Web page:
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. (November 2019)
|Key people||Jay Lauf, Zach Seward, Kate Weber|
|Revenue|| $26.9 million (2019)|
|Net income||-$18.4 million (2019)|
|Launched||September 24, 2012|
Quartz is a business-focused, privately-held English-language international news organization. It launched from New York City in 2012. It publishes in the United States and Japan, and publishes regional editions for the United Arab Emirates, Hong Kong, Africa, and India.
Audience and revenue
Quartz targets high-earning readers, calling itself a "digitally native news outlet for business people in the new global economy". Sixty percent of its readers access the site via mobile devices, and nearly half of its readers are outside the United States.
In August 2017, Quartz's website saw about 22 million unique visitors. Approximately 700,000 people subscribe to its roster of email newsletters, which includes its flagship Daily Brief.
According to Ad Age, Quartz made around $30 million in revenue in 2016, and employed 175 people.
In 2017, revenue decreased to $27.6 million as advertising shrank. Uzabase (Japanese: ユーザベース) purchased the organization for $86 million.
According to a press release, the name Quartz was chosen for reasons related to its branding and the unusual combination of two infrequently used letters, q and z, in the title.
On September 24, 2012, Quartz launched its website, designed to deliver content primarily to mobile and tablet users. Its founding team members were from news organizations including Bloomberg, The Economist, The New York Times, and the Wall Street Journal. According to its website, Quartz's team reports in 115 countries and speaks 19 languages. The publication was initially led by Kevin Delaney, a former managing director of WSJ.com, Zach Seward, a former WSJ social media editor, and Gideon Lichfield, a global news editor from The Economist, among other editors.
Quartz's main office is located in New York. It also has correspondents and staff reporters based in Hong Kong, India, London, Los Angeles, Thailand, Washington DC, and elsewhere.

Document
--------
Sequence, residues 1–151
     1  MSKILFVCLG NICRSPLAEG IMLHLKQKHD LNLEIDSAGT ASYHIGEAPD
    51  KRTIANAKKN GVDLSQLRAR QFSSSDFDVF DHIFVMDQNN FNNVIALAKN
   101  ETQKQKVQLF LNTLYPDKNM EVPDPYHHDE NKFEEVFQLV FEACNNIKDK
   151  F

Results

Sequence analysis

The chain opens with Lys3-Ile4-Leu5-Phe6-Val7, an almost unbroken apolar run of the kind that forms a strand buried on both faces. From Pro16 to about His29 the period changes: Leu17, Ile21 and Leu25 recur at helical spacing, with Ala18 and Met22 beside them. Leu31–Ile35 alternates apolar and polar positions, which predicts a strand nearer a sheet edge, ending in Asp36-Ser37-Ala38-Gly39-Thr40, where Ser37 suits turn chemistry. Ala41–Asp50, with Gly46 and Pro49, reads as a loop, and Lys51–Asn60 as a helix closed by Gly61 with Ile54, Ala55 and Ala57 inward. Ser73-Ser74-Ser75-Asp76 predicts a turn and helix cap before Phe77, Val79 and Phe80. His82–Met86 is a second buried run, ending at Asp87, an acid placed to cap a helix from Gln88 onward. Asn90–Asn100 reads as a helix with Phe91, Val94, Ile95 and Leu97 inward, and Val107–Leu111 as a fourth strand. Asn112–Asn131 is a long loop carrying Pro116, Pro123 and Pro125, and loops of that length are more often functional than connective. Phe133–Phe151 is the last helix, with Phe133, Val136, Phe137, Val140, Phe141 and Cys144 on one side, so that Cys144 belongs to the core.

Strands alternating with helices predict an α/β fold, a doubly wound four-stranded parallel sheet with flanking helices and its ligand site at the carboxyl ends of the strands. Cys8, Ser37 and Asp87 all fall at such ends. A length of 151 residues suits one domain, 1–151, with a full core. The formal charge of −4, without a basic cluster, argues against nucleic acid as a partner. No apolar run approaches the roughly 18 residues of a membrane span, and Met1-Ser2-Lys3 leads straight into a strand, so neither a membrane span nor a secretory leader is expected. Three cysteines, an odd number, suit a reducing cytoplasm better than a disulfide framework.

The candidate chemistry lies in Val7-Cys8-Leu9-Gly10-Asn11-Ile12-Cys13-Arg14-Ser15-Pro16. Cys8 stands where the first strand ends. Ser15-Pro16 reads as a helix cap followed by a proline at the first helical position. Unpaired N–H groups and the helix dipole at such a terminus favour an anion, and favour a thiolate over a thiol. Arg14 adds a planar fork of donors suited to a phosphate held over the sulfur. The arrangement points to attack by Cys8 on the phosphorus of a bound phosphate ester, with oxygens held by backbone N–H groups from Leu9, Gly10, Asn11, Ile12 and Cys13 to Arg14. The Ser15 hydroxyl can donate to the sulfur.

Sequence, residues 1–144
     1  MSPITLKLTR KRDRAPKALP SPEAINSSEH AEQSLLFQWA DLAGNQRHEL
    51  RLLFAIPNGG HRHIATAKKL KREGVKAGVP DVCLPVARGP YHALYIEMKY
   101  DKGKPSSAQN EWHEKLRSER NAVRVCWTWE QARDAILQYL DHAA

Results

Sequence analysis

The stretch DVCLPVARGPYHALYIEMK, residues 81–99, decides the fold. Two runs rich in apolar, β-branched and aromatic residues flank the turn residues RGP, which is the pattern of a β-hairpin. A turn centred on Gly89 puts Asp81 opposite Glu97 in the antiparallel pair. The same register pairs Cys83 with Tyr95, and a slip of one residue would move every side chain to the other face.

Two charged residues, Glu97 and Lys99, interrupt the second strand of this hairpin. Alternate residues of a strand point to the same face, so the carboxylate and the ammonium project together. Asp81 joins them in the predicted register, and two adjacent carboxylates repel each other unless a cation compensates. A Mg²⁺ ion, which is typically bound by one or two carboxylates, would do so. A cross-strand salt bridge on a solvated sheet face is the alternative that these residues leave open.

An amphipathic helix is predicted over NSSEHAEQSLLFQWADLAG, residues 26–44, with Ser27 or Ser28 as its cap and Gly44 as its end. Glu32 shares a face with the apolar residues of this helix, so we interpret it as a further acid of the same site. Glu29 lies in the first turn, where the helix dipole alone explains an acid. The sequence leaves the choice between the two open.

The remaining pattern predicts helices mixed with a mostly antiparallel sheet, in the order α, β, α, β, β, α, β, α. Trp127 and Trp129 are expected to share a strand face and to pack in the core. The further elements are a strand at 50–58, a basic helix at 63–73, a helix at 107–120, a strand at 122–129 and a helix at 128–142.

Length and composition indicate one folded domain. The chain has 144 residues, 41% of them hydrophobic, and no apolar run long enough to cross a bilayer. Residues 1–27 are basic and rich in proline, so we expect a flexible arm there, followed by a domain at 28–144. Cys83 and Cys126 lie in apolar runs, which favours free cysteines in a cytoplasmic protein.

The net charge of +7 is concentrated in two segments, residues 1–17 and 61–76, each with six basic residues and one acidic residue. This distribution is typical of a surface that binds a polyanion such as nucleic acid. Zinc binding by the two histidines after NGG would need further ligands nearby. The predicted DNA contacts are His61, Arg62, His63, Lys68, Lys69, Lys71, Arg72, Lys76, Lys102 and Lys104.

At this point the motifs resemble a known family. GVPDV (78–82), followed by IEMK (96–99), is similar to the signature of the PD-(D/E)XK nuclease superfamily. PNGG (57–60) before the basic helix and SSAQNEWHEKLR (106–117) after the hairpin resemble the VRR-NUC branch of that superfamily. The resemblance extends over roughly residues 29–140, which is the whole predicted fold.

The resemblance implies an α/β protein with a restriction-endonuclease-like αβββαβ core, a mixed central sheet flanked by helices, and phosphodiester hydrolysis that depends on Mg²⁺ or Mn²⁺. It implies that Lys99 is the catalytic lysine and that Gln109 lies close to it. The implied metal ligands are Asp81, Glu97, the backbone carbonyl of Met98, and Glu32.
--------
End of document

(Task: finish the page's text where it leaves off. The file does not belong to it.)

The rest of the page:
In 2014, Quartz expanded into India, launching Quartz India. In 2015, it launched Quartz Africa.
In 2015, it launched Atlas, a chart-building platform. The publication has since launched Quartz at Work, a vertical that focuses on careers and the workplace, and Quartzy, a culture and lifestyle vertical.
In July 2018, Japanese company Uzabase acquired Quartz from Atlantic Media.
In October 2019, co-CEO and editor in chief Kevin Delaney, stepped down from his position. Zach Seward, the company's second employee, will be the company's new chief executive officer. That same month Apple removed the Quartz app from its Chinese App Store, as part of the Great Firewall, for reporting on the 2019–20 Hong Kong protests.
Revenue fell from $11.6 million in the first half of 2019 to $5 million in the first half of 2020. In November 2020, Uzabase sold Quartz to Quartz's staff.
In traditional newspaper "beats", news is divided into sections such as domestic, business and finance, and world economy. However, Quartz is structured around a collection of phenomena or "obsessions".
Quartz often uses charts, created through their Atlas tool. The tool is used by other media organizations, including CNBC, FiveThirtyEight, NBC News, New Hampshire Public Radio, NPR, The New Yorker, The Press-Enterprise, CEOWORLD magazine, and The Wall Street Journal.
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- ^ ago, Sara Jerde|1 day. "Quartz Searches for New Editor in Chief After Co-Founder Departs". www.adweek.com. Retrieved 8 October 2019.
- ^ Miller, Chance (9 October 2019). "Apple removes 'Quartz' news app from Chinese App Store". 9to5Mac. Retrieved 10 October 2019.
- ^ Statt, Nick (9 October 2019). "Apple removes Quartz news app from the Chinese App Store over Hong Kong coverage". The Verge. Retrieved 10 October 2019.
- ^ Leskin, Paige (10 October 2019). "Here are all the major US tech companies blocked behind China's 'Great Firewall'". Business Insider. Retrieved 17 May 2020.
- ^ Staff, Reuters (9 November 2020). "Japan's Uzabase sells Quartz news site to co-founder, editor-in-chief". Reuters. Retrieved 1 March 2021.
- ^ Pompeo, Joe (2019). ""Journalism Needs Help to Survive This": Despite a Crushing Spring, the Media's Pandemic Reckoning Is Far From Over". Vanity Fair. Retrieved 1 March 2021.
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